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Britishvolt selects South Wales as preferred site for UK’s first battery gigafactory

Jordan O'Brien

Jordan O'Brien

Contributing Editor
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Britishvolt, a UK-based battery manufacturer, has narrowed its search for where to build the UK’s first gigafactory down to two locations, with a town in Wales being the leading contender. 

The term gigafactory was first popularised by American car manufacturer Tesla, with it denoting a manufacturing facility that can produce more than 1GWh worth of batteries per year. Britishvolt is aiming to churn out more than 30GWh worth of batteries per year at its site, thus earning it the accolade of being the UK’s first gigafactory. 

A total of 42 locations were considered for the UK’s first gigafactory, although Britishvolt has settled on just two for its final shortlist. The company notes that Bro Tathan in South Wales is currently the leading contender to receive the £1.2 billion of investment and 3,500 jobs that the gigafactory will bring. 

In addition to the gigafactory, Britishvolt also plans to build a solar park alongside the factory, to support sustainable production of batteries and meet low carbon objectives. 

Lars Carlstrom, CEO at Britishvolt, comments, “We aim to deliver a scalable, onshore production and diverse portfolio of world-class lithium-ion batteries, to support the unprecedented transition to electrification – primarily servicing the automotive and energy storage markets. After six months of careful analysis, Bro Tathan is the preferred choice due to a number of different factors. The Welsh Government has welcomed us with open arms and impeccable due diligence, and the region meets crucial criteria including import/export accessibility, availability of labour and skilled staff, along with convenient geographical proximity to customers and local industrial companies.

“The sheer scale of this project means our gigafactory will have one of the top three largest single footprints in Europe. The plant will be one km long and 30 metres tall, needing 80 plus hectares of land, and the energy intensive nature of producing lithium ion cells means nearby renewable sources are of huge importance. Our ambition is to become one of the greenest battery producers worldwide, which will be facilitated through the creation of our very own solar park, ensuring a near carbon neutral electricity input.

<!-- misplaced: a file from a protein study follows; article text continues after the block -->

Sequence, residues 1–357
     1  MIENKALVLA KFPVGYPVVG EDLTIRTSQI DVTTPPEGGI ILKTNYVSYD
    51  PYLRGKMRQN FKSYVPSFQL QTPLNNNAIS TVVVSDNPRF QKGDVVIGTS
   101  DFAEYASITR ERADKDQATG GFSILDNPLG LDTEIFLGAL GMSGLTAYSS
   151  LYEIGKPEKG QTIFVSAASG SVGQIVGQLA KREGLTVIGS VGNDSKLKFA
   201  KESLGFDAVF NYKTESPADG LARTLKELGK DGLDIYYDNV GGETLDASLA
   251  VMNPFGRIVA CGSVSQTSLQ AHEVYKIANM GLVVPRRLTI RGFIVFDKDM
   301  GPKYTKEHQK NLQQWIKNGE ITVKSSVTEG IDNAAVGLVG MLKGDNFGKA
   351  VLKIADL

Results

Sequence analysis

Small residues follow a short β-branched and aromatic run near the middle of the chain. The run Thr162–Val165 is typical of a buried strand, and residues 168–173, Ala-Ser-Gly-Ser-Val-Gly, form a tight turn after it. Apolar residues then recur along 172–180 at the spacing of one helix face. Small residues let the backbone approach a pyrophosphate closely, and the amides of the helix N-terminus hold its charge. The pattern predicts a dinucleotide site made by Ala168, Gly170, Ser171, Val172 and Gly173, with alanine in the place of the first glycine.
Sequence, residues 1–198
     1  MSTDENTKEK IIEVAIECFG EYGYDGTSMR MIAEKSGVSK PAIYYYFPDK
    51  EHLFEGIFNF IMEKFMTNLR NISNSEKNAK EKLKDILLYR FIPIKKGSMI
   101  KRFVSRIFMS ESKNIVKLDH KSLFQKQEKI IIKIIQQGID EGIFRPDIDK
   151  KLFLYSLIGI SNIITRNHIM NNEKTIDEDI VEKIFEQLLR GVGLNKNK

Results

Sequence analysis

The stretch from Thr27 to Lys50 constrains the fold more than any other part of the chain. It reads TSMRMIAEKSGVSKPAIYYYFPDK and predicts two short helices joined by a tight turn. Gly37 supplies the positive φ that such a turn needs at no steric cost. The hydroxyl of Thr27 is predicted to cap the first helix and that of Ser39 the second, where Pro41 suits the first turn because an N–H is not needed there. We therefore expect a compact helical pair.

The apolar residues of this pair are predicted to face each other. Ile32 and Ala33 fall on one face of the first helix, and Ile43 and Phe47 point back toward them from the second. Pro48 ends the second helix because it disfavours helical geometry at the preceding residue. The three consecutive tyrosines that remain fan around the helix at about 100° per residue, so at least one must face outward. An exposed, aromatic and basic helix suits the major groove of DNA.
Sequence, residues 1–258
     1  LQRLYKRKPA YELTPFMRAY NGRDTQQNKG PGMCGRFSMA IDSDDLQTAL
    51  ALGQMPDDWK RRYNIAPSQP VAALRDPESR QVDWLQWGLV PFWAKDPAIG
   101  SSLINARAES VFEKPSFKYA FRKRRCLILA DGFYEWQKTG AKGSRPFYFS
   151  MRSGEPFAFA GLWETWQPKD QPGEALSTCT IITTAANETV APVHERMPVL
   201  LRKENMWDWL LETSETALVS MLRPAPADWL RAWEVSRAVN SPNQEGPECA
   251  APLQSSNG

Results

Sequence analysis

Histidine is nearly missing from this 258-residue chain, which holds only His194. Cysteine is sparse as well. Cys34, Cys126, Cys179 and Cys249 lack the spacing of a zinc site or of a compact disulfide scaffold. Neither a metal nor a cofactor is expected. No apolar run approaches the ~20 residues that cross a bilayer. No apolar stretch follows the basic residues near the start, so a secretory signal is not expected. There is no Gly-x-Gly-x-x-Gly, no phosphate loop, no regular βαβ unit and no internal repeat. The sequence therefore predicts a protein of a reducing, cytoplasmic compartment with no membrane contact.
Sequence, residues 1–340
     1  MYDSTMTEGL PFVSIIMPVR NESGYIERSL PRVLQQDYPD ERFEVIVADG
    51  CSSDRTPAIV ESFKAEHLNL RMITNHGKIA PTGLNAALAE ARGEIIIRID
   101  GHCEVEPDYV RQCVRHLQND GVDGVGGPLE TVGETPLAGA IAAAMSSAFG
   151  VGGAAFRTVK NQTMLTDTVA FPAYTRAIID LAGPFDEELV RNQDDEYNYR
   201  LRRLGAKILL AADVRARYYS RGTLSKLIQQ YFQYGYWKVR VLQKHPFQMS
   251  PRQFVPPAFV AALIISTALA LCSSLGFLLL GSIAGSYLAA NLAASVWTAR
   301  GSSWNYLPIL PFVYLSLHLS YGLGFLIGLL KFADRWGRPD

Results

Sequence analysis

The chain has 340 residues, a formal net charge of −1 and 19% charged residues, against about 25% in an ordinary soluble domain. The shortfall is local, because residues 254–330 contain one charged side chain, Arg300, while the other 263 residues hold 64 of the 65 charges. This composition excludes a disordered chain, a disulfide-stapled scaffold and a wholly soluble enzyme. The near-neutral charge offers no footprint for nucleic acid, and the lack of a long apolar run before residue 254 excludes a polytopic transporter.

“Our state of the art and high efficiency gigaplant will employ at least 3,500 local Welsh people. These will be across a wide range of disciplines and will create a local ecosystem of 10,000 to 15,000 further jobs for the wider supply chain – including material suppliers, contractors and local services. By the third quarter of 2023, we plan for the first stage of our plant to be fully functional, and envision that between 40 and 60% of the initial £1.2 billion of investment will be injected directly into the chosen community, representing a real catalyst for growth in the local economy and the UK.”

With the battery industry forecast to be worth £5 billion domestically by 2025, and the demand for lithium-ion cells across a number of industries, including vehicle electrification, already increasing dramatically, Britishvolt wants to get its site off the ground as quickly as possible. It doesn’t just want to increase battery production in the UK, however, the firm is also keen on leveraging the UK’s ‘world-leading’ lithium ion battery research development and academic community to ensure the country retains a commercial and technical lead.

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